The Burning Rose & Phoenix Chair.
You know, I get the impression that risk taking and being brave has been substituted for accessibility and safety. In this day and age, I think one must fall into one of two categories, brave and courageous, or play it safe. There is an argument for both but I am going to be brave, I am going to rescue the imagination and have a love affair with pattern.
Sometimes, in order to be new, you must destroy what has gone before. So,
as an act of cleansing I decided to set a design on fire.
I took three different scarlet roses. Some were double, some single, but I specifically chose a two-tone rose that is white on the reverse, mainly because it is unusual. Carefully I arranged the roses into a climbing filigree of fresh green leaves on red-tinged stems with precise thorns. Love thorns.
Now to add the flames. Luckily enough I was able to get some great shots
of fire from my log burner! I darkened and scorched the roses where the
flames were, and to create more drama I placed falling petals, both
charred and fresh, at the edges of the design. I particularly enjoyed
digitally painting in orange embers onto these petals.
The entire design is set against ash black that fades to bleached white.
It is incredible how nature will return from devastation with new life and vigour. Since this design is about bravery, I placed over a dozen Clipper butterflies from Asia into a cluster formation. They were all photographed from reality. There are also Gold Finches and Ladybirds. Deep in the design there is a pretty snail, like a little yellow opal. It’s hidden and waiting to be discovered.
Jodie and the Phoenix Chair.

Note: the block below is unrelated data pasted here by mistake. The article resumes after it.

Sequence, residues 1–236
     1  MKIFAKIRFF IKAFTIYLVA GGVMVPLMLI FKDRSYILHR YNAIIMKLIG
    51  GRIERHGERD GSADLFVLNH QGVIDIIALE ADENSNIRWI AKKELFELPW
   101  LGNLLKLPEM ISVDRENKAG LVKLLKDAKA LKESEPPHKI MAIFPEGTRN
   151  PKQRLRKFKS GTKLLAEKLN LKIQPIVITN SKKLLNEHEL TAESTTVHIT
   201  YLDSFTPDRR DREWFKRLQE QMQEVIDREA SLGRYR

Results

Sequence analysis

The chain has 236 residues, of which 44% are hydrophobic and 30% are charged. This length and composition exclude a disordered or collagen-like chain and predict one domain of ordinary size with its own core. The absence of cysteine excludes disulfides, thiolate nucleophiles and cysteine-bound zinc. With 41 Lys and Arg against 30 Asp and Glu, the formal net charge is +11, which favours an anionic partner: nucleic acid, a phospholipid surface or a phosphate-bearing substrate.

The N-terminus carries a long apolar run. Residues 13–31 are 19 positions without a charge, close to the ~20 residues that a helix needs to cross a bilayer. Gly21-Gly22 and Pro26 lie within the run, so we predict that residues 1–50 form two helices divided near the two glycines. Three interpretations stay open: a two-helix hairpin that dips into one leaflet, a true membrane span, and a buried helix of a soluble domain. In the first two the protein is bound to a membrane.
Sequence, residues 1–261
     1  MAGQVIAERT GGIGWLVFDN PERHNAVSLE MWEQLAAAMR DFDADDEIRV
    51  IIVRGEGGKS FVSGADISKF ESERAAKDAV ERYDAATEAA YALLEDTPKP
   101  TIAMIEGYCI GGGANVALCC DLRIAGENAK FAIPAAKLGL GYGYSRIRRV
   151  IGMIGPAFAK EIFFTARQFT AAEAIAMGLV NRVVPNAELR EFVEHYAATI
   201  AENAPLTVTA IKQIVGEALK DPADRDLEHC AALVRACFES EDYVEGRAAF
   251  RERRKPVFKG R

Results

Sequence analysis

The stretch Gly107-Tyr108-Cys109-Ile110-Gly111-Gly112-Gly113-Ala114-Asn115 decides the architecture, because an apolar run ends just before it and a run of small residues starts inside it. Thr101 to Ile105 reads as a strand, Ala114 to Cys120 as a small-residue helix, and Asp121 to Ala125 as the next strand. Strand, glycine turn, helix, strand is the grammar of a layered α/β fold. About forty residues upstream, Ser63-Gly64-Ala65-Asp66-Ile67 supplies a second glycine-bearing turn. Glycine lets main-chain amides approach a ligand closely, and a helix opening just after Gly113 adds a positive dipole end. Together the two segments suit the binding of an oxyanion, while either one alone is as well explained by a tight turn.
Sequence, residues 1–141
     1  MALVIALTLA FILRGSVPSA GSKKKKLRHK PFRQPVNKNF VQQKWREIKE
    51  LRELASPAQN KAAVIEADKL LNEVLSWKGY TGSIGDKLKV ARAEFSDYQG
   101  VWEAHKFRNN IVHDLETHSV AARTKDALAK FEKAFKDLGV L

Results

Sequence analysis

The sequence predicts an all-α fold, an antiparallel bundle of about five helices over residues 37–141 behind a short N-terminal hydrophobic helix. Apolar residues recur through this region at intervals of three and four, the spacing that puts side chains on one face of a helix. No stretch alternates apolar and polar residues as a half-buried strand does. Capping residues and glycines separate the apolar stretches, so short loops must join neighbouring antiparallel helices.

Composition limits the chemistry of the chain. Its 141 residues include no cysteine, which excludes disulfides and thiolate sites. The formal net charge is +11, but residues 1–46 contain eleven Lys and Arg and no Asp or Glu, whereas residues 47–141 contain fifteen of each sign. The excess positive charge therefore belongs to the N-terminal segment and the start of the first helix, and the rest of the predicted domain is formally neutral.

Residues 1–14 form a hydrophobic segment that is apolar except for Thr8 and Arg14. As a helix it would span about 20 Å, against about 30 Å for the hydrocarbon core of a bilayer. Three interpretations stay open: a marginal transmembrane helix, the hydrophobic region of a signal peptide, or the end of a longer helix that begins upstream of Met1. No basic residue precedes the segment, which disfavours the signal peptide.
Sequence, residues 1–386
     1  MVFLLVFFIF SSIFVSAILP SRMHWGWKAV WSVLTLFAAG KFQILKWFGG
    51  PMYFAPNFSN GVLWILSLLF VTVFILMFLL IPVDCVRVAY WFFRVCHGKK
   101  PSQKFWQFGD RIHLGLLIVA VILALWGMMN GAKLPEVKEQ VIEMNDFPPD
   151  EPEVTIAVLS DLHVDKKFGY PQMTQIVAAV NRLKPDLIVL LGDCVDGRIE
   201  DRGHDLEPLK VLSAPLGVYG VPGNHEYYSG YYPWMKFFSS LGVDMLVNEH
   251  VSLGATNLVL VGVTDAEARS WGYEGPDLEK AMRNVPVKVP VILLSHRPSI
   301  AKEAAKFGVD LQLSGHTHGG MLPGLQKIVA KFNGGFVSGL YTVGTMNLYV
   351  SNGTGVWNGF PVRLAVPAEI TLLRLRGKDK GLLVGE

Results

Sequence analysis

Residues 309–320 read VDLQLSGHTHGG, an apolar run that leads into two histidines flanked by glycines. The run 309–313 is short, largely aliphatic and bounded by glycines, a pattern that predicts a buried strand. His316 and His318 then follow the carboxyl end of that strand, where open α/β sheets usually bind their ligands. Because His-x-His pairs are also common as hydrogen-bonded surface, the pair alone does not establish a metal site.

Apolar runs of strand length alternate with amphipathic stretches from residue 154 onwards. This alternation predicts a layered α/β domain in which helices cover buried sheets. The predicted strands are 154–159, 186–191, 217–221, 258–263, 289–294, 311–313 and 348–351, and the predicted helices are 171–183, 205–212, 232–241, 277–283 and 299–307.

I had the design printed onto a plush cotton velvet, and it looks
fantastic. It’s vivid in colour, the detail is terrific as is the
movement and atmosphere.
Pleased with the design, I realised I needed to have it used for upholstery.
I connected with Jodie McQueen of McQueen Heritage Upholstery in Frome. It is the beginning of a beautiful relationship! Jodie did an incredible job of upholstering a vintage chair frame. Firm and tight, just how I like it.
I was quite specific with Jodie and asked her to make the chair two tone,
like the rose. I had made the design fade from one colour to another.
Jodie did this expertly and seamlessly.
The white arm fades into the rich botanical seat, which fades back into the white arm.
We called it the ‘Phoenix Chair’ because it is about re-birth and metamorphosis.
Deborah & the Phoenix Chair
I like to think I can do anything, but photography is beyond me. There is nothing better than a perfect picture, so there is only one place to go, and that is Deborah Husk. I have never come across a photographer who can deal with both natural and studio light the way Deborah does. What’s more, she is meticulous, and this I really like.
Deborah took really clean shots of the ‘Phoenix Chair’ in white space.
She captured the brilliance of the chair in various positions and
I also wanted some pictures outside of the studio in natural light. We took the chair and found the most incredible open barn nearby in Alton Barnes. The barn was full of vintage machinery and had a floor of dried leaves, but the architecture of the barn was perfect next to the chair and is a great foil.